A healthcare provider may prescribe Ocufen for use before eye surgery. This medication is a type of nonsteroidal anti-inflammatory drug (NSAID), and it is used to prevent the pupil from constricting during surgery. It comes in the form of an eye drop; typically, it is used every half an hour, starting two hours before surgery. Possible side effects may include eye burning, stinging, and irritation.
Ocufen® (flurbiprofen ophthalmic) is a prescription medication used to prevent the pupil from constricting (becoming smaller) during eye surgery. It belongs to a group of medicines known as nonsteroidal anti-inflammatory drugs (NSAIDs).
Ocufen is made by Allergan, Inc.
As mentioned previously, Ocufen belongs to a group of medications called nonsteroidal anti-inflammatory drugs (NSAIDs). NSAIDs work by blocking an enzyme known as cyclooxygenase (COX). The COX enzyme is essential for the production of substances in the body known as prostaglandins.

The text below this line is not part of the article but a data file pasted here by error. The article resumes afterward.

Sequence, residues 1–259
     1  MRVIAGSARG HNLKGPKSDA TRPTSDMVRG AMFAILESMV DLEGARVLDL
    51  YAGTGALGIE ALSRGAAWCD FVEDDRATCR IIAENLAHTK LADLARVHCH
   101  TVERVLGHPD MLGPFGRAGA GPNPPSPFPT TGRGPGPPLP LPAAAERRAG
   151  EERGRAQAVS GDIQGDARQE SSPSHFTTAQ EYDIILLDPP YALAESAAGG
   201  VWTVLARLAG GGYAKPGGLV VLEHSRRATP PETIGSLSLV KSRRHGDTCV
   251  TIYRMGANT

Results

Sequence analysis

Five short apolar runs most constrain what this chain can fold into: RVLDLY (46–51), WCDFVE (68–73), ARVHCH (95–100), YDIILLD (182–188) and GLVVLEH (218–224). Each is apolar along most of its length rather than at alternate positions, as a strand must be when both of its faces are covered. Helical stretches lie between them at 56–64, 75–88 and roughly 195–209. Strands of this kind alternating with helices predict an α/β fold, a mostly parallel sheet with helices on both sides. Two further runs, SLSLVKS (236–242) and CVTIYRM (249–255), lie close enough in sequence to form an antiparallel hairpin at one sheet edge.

Prostaglandins have a variety of functions in the body. Most notably, they are involved in activating an inflammatory response. They also play a role in the miosis that occurs during eye surgery by constricting the muscle of the iris and causing the pupil to become smaller. Because Ocufen blocks the production of prostaglandins, it helps prevent miosis from occurring during eye surgery.
Some general considerations to keep in mind during treatment include the following:
- Ocufen comes in the form of an eye drop that is normally used every half an hour, starting two hours before surgery.
- To prevent contamination with bacteria, do not touch the tip of the dropper to any surface, including your eye.
- For the medication to work properly, it must be used as prescribed. Using more drops than prescribed will not make the medication more effective, and may cause side effects.